To produce a bronze finish on rough yellow brass castings, mix equal parts of nitric acid, sulphuric acid and water; the nitric acid and water should be mixed first and the sulphuric acid added slowly. Dip the yellow brass castings into boiling water a moment, then in the acid solution, then quickly back into the boiling water, and rinse thoroughly in clean water. Dry in pine sawdust. The castings must be perfectly free from soldering solutions, etc., or stains are liable to appear. This method gives a finish similar to gas fixtures, etc., and may be rendered very permanent by coating with a transparent lacquer.
I. W. Antano.
In the plating of brass or cast iron, or other porous metals, there is more or less trouble with what is called "spotting out" which is caused by the cyanide getting into the pores, and it has been hard to find a satisfactory remedy for this trouble. The following can be used with good results: First, give the work a good stiff coat of nickel, then put it through a brass solution without buffing. After the required deposit has been obtained, rinse it in cold water, and then hang in boiling water, as long as possible without tarnishing. Then hang it in a good hot oven until thoroughly dried out, after which buff and hang for a few moments in gasoline, and put it in the oven again. You will find this will cure a great deal of the trouble experienced on that class of work. This is a valuable process and one never before printed.
Bridgeport. Conn. J. L. Lucas.
This paste is used for silvering the scales on thermometers and the dials for clocks, aneroid barometers, steam gages, etc.
Put in an ordinary tea cup or other suitable vessel, 1 ounce of silver - coin silver will do, but pure silver is better and cheaper. Pill the cup half full of nitric acid, and place it in a vessel containing water, which must be heated. As the acid heats, it throws off fumes in shape of a brown smoke, very poisonous. When the smoke ceases to appear, add a teaspoonful of common table salt, and when the fumes caused by this cease, take the cup from the heat immediately and fill slowly to the top with cold water. Allow the white powder that will now be found in the cup to settle to the bottom and then slowly decant the liquid. When almost empty, fill again with cold water, and decant again, repeating this process at least half a dozen times. Mix the powder (commercial chloride of silver will do instead) with 10 pounds table salt, and ½ pound cream of tartar. Mix thoroughly dry, then add enough cold water to make a paste. Add the water slowly so as not to get in too much. Keep in a covered vessel and from the light.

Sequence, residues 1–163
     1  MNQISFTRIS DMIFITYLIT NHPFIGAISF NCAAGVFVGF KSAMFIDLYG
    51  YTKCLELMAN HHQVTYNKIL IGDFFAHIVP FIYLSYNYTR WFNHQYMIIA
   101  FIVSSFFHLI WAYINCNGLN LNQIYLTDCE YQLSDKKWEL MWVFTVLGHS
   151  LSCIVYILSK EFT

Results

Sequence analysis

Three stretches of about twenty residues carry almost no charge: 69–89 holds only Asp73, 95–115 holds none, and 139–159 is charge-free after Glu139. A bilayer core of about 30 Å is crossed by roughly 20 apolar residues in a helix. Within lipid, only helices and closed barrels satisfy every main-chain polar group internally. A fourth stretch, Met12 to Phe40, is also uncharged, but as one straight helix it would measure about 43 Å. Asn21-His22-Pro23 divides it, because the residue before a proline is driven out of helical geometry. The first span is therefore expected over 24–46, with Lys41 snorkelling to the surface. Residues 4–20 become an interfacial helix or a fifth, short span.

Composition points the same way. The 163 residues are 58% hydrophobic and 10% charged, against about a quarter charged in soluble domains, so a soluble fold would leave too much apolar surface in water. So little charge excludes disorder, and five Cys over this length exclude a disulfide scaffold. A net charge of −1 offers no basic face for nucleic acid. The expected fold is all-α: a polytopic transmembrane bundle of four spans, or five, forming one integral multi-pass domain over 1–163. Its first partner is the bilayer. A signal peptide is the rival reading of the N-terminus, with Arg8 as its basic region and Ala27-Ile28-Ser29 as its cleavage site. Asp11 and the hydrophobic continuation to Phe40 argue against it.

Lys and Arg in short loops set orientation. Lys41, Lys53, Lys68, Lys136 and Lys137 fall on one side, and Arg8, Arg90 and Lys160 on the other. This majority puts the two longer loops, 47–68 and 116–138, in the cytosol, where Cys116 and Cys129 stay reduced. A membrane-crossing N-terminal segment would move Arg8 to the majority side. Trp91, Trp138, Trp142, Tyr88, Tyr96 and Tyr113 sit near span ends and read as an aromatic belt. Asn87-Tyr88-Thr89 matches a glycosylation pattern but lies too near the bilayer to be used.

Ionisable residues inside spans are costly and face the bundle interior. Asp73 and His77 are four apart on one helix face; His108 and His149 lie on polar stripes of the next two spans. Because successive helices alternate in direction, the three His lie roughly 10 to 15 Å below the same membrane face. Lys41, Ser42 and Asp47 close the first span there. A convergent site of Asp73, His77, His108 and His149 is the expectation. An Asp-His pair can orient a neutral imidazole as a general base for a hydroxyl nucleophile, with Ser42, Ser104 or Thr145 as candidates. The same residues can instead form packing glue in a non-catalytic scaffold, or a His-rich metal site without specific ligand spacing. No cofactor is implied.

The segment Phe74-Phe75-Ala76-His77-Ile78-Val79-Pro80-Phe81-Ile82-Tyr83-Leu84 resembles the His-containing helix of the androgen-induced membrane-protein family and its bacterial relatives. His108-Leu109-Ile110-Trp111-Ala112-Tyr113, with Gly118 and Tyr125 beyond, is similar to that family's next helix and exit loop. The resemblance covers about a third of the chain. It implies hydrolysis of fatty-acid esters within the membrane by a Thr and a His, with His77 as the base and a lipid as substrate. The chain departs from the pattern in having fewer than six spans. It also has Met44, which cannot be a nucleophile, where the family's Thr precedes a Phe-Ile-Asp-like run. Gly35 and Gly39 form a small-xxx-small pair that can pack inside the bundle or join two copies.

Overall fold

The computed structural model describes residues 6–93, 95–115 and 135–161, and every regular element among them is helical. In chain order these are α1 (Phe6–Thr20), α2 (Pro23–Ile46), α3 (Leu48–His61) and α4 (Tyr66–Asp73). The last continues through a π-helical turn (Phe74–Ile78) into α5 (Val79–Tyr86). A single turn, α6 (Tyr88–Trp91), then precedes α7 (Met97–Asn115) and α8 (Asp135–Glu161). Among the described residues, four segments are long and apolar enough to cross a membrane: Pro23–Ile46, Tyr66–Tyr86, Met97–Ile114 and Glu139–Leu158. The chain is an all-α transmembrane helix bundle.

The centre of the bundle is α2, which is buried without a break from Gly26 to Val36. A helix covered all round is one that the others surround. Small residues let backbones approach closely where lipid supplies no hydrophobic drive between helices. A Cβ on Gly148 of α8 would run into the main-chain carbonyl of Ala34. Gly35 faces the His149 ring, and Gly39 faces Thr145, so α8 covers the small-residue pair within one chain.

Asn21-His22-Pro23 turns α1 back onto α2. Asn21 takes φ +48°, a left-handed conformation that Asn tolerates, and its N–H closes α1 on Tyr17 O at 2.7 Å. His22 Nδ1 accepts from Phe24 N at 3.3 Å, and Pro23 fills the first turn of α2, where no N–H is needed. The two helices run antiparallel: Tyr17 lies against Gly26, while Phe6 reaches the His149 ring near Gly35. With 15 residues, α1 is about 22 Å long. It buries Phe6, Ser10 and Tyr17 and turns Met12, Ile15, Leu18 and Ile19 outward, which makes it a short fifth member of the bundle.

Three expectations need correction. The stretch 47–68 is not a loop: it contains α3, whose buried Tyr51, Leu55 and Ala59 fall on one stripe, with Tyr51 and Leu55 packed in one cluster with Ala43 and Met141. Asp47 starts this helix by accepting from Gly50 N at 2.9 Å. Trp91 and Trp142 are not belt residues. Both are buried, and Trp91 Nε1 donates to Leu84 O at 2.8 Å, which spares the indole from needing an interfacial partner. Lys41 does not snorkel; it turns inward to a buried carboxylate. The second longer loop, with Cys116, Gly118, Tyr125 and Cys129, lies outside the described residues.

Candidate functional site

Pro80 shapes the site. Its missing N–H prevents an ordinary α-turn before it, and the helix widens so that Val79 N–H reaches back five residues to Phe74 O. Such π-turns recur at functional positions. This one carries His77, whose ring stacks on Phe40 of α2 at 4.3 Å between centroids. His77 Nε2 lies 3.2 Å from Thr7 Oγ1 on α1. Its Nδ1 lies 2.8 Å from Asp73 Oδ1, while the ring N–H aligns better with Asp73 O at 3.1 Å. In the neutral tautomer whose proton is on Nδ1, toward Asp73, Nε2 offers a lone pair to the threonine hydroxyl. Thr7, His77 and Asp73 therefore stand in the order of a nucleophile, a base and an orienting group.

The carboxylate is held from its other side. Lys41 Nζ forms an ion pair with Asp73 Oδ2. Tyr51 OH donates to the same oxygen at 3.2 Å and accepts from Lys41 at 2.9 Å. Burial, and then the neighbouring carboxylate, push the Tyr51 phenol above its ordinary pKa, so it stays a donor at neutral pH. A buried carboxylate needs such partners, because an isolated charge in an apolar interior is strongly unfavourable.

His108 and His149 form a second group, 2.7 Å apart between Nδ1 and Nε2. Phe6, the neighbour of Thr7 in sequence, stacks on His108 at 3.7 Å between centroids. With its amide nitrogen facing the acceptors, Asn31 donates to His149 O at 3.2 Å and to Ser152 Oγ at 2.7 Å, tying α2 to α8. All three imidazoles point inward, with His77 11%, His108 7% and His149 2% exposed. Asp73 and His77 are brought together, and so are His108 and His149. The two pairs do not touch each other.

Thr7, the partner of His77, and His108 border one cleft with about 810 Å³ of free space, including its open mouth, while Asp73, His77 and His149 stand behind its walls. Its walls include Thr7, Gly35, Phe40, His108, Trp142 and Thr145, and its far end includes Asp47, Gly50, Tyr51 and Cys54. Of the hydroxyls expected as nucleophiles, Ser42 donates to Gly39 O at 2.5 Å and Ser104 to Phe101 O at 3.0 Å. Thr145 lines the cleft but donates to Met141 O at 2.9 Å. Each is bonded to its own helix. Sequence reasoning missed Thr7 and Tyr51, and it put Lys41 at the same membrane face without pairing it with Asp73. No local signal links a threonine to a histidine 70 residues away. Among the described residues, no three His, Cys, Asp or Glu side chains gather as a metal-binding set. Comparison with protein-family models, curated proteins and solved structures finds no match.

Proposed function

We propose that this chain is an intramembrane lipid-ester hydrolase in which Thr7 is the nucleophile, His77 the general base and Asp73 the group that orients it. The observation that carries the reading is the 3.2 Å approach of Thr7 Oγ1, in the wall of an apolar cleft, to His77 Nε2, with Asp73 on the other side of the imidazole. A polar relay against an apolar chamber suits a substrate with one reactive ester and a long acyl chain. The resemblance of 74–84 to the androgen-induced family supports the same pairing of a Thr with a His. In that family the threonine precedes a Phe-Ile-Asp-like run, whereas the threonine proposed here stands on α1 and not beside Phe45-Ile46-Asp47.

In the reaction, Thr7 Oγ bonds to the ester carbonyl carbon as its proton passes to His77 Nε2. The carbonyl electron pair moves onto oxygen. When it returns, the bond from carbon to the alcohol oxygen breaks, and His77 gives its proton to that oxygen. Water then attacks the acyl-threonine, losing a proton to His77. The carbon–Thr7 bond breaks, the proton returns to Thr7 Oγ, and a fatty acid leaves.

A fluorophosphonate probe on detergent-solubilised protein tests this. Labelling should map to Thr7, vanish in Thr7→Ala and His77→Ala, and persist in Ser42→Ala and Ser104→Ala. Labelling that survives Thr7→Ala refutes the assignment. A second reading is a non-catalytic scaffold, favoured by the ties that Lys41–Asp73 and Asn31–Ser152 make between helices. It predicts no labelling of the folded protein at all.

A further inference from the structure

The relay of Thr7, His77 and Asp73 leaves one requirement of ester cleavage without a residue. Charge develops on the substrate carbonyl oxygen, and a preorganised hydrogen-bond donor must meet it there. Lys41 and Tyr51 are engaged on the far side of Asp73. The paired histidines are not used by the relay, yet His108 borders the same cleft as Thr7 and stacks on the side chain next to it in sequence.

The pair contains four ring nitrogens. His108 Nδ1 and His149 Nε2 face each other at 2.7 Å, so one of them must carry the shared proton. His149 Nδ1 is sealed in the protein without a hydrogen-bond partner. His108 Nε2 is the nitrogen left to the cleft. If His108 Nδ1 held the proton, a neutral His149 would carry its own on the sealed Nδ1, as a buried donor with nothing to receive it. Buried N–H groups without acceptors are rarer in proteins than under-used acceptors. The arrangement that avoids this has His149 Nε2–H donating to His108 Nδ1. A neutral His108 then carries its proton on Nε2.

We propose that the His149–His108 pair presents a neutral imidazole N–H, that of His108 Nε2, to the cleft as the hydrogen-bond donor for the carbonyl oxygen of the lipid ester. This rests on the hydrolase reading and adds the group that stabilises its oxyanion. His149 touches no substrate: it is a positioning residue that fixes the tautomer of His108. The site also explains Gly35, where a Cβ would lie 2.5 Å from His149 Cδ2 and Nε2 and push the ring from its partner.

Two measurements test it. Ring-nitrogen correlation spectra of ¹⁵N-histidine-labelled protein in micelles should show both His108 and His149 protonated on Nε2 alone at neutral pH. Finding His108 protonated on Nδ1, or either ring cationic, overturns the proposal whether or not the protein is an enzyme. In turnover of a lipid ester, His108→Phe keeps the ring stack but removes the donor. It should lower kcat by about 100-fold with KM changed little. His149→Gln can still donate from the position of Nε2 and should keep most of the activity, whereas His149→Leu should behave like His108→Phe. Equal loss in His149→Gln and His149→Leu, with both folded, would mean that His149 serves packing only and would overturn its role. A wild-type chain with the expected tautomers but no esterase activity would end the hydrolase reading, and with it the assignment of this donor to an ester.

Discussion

The graduation marks, figures, and letters, stamped or cut into the work may be filled with ordinary roofing tar, which is applied by heating the work enough to melt the tar. Most of the surplus tar may be scraped off with the edge of a card, or any cardboard handy. This filling stands better than sealing wax, and will not dissolve and blur when lacquered if the lacquer is put on properly. Another filling is japan, which is applied with a brush cold, and cleaned with a card as before. It is then baked, and when the work is finished, the filling will be found to be glossy and permanent and will not be dissolved by any lacquer or heat.
The piece to be silvered should be thoroughly cleaned with emery cloth or paper just before applying the paste, which is to be put on by hand and rubbed well in the surface of the work. After this is done, the work should have a dirty, silvery yellow tinge, which will be brightened by rubbing with a dry mixture of ½ pound cream of tartar and 10 pounds salt well mixed. The work should be thoroughly washed to clear it of the surplus salt and then dried in sawdust and lacquered. I have used this method for silvering over 30,000 steam gage and clock dials, and many other dials and scales; hence I know it is all right.
Brooklyn. N. Y. J. S. Gordon.